In the meantime, the Western Regional Committee issued an order on 20th July, 2011 withdrawing the recognition granted to the appellant-college in exercise of its powers under Section 17 of NCTE Act. The order contained as many as nine different grounds for the said withdrawal. Aggrieved, the appellant filed Special Civil Application No.9485 of 2011 before the High Court, inter alia, contending that the withdrawal of recognition was on grounds that went beyond the show-cause notice issued to the institution. It was also contended that pursuant to the directions of the High Court the University had allotted 60 students to the college who were on its rolls and whose future was likely to be adversely affected by the withdrawal order.
6. While the writ petition filed by the appellant was still pending, Western Regional Committee issued a modified withdrawal order dated 24th August, 2011 relying upon the visiting team report which found the following deficiencies:
i. The Institution neither had land on the date of submission of application as per Clause 7(D) of the NCTE regulations 2002, nor does it have the land even today.
ii. The Institution is running in a flat of Multi Storied Residential Building.
iii. Registered lease deed of the flat was executed on 18.03.2011 that is beyond the time limit of 31.12.2010 as prescribed by the Hon'ble High Court.
iv. One of the lecturers was not qualified as on the date of appointment.
7. The High Court was not happy with the above order as is evident from an interim order dated 30th August, 2011 whereby the Regional Director, Western Regional Committee, National Council for Teacher Education, Bhopal, was directed to send a new team to inspect the institution and submit a fresh report regarding the defects and deficiencies in the infrastructure provided by the college. An inspection committee was accordingly deputed by the NCTE who filed a report before the High Court in a sealed cover. The report, inter alia, stated:
"The team had done the inspection of infrastructure, institutional facilities etc. The C.D. is enclosed. The videography had been in a continuous manner. The four corners of land and four corners of the buildings are prominently picturised. The photography of land, building, instructional facilities, staff is also done. (C.D. and album enclosed). The Hon'ble High Court has directed to do the inspection with regards to the defects shown in the withdrawal order. The inspection is done accordingly following the orders of the Hon'ble High Court. The observations of the visiting team regarding the defects/deficiencies are noted below:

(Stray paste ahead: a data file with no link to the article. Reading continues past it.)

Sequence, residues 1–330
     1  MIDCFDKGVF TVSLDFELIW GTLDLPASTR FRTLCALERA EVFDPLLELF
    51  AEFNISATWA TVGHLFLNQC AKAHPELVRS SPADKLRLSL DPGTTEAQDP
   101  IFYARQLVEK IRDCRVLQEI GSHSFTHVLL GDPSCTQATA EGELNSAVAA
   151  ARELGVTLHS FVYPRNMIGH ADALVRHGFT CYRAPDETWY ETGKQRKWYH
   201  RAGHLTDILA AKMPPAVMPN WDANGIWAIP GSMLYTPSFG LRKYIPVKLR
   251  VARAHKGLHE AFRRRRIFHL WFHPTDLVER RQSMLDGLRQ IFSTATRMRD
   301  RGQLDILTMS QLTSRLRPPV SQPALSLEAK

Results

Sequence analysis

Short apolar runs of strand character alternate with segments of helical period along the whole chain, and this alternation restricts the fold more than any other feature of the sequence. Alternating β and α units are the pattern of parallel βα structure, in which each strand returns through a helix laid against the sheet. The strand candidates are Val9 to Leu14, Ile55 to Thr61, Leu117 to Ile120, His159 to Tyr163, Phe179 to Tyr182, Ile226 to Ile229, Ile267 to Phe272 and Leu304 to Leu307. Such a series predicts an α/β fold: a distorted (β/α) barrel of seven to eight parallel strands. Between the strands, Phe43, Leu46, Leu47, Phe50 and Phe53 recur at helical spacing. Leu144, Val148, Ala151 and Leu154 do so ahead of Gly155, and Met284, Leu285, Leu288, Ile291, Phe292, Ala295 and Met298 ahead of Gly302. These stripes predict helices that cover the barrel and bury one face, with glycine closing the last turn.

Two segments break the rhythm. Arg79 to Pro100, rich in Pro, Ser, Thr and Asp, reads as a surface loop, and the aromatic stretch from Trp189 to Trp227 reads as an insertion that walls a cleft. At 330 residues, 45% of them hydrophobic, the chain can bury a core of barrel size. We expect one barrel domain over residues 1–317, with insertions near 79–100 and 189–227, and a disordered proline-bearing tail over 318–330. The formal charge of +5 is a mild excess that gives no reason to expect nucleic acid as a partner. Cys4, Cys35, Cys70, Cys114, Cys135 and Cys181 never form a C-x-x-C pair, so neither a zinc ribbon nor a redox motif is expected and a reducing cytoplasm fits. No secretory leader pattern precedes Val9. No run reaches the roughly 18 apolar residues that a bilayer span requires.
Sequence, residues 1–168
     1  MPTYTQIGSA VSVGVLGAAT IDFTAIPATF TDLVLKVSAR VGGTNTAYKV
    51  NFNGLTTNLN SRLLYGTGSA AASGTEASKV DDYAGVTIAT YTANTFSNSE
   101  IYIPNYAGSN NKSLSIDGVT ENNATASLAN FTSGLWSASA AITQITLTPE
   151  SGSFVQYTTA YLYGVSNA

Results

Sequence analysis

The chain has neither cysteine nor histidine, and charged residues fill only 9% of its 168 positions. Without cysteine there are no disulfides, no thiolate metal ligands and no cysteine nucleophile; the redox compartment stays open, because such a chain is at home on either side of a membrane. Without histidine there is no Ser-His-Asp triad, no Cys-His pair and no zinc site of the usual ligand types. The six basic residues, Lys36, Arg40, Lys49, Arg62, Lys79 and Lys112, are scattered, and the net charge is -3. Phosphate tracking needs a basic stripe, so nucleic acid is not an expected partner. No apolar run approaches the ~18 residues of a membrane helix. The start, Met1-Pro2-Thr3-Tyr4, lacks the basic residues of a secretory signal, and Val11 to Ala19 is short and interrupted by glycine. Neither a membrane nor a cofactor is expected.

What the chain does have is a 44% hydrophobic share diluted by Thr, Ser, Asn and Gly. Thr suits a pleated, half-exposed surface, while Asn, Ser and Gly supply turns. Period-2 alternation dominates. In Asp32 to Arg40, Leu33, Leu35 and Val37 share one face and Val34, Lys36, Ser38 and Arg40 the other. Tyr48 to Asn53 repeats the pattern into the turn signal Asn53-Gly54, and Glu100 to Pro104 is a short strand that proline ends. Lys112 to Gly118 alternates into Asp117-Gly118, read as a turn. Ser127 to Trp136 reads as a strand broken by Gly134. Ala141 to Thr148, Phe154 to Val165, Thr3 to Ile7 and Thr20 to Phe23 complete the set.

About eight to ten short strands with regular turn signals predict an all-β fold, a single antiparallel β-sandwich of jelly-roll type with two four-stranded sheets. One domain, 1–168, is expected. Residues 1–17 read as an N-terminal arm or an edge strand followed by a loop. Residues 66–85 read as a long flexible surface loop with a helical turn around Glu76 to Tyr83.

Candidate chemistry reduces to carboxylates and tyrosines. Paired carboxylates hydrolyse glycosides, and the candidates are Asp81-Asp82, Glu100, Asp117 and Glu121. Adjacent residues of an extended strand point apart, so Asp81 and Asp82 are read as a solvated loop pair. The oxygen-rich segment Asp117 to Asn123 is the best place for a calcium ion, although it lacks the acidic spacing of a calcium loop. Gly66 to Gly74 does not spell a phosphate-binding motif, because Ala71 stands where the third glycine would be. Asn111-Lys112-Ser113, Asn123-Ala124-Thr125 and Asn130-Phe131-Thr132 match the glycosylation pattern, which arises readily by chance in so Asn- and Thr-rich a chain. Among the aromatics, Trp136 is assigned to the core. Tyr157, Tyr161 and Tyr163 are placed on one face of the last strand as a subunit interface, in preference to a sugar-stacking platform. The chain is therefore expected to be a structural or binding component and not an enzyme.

i. It is true that the institution does not have the registered land document and is occupying the land belonging to Shri Uma Education Trust.
ii. It is true that the institution has submitted the building plan of Shri Uma Education Trust. This building plan was approved by Sarpanch, Vajdi (Virda). The approval of Rajkot Urban Development Authority is still not obtained by the Uma Education Trust.
iii. It is true that the land use certificate submitted by the Institution is about the land of Uma Education Trust.
iv. It is true that the Institution does not have its own land and building. The institution is running on the premises of the Uma Education Trust.
v. The teaching staff profile is approved by In-charge Vibhagiya Officer, Saurashtra University on 18.02.2009 on 11.05.2011 and 13.05.2011. Four lecturers have no M.Ed. qualifications. One common observed that all lists were approved by in-charge, Vibhagiya Officer of the Unversity.
vi. Uma B.Ed. college and Jalaram B.Ed. College are being run on the same premises.
vii. It is true that the institution has submitted the building plan of Shri Uma Education Trust. This building plan was approved by the Sarpanch, Vajdi (Virda). The approval of Rajkot Urban Development Authority is still not obtained by the Uma Education Trust.
viii. Morvi Sarvajanik Kelevani Mandal and Jalaram Education Trust are unilaterally merged with Uma Education Trust without due authorisation of the competent authority and also without the approval of the WRC. The matter is still under correspondence.